Date of Graduation
Eberly College of Arts and Sciences
Matthew M Martin
The purpose of this study was to test components of the extended parallel process model (Witte, 1992) and psychological reactance theory (Brehm, 1966) using environmental hazards as a primary threat, rather than a personal health threat. In addition, this study examined the effect that response costs, ego involvement, and personal connection had on individuals' self-efficacy to perform a behavior. Participants (N = 157) watched a short video that emphasized the environmental and health risks of coal as well as the benefits of using clean energy sources. One group of participants saw a recommended response encouraging them to contact a state representative in support of clean energy initiatives. The second group did not see a recommended response. All participants answered an online survey that assessed their ego involvement involving coal, personal connection to the coal industry, efficacy regarding the recommended response, reactance regarding the video and the recommended response, intention to contact a state representative, response costs associated with contacting a state representative, and actual performed behavior where they clicked a link to receive contact information for state representatives.;Results indicated that participants who saw the video with the recommended response reported more reactance than participants who did not see the recommended response. In addition, participants who felt the video was trying to restrict their autonomy reported more reactance than participants who did not feel as if the video was trying to restrict their autonomy. Other results indicated that ego involvement involving coal had a significant, negative relationship with reported behavioral intention of contacting a state representative in support of clean energy, however, there was no relationship between ego involvement and actual performed behavior.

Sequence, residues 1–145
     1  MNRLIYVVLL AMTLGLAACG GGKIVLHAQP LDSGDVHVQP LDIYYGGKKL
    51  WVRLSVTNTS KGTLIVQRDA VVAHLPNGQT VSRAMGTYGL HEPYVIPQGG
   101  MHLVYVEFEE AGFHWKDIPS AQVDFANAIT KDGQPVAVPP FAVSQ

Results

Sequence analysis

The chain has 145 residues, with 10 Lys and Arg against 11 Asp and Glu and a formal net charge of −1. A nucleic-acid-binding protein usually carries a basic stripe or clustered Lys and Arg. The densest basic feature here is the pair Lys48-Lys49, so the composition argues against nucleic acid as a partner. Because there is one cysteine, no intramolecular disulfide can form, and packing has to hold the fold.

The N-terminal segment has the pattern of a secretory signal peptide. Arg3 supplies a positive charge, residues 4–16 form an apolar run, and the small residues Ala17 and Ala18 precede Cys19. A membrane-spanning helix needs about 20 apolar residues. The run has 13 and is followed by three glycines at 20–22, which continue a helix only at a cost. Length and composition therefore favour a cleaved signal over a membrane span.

Beall, Lindsey, "I Support Clean Energy: A Test of the EPPM and Psychological Reactance Theory" (2015). Graduate Theses, Dissertations, and Problem Reports. 5169.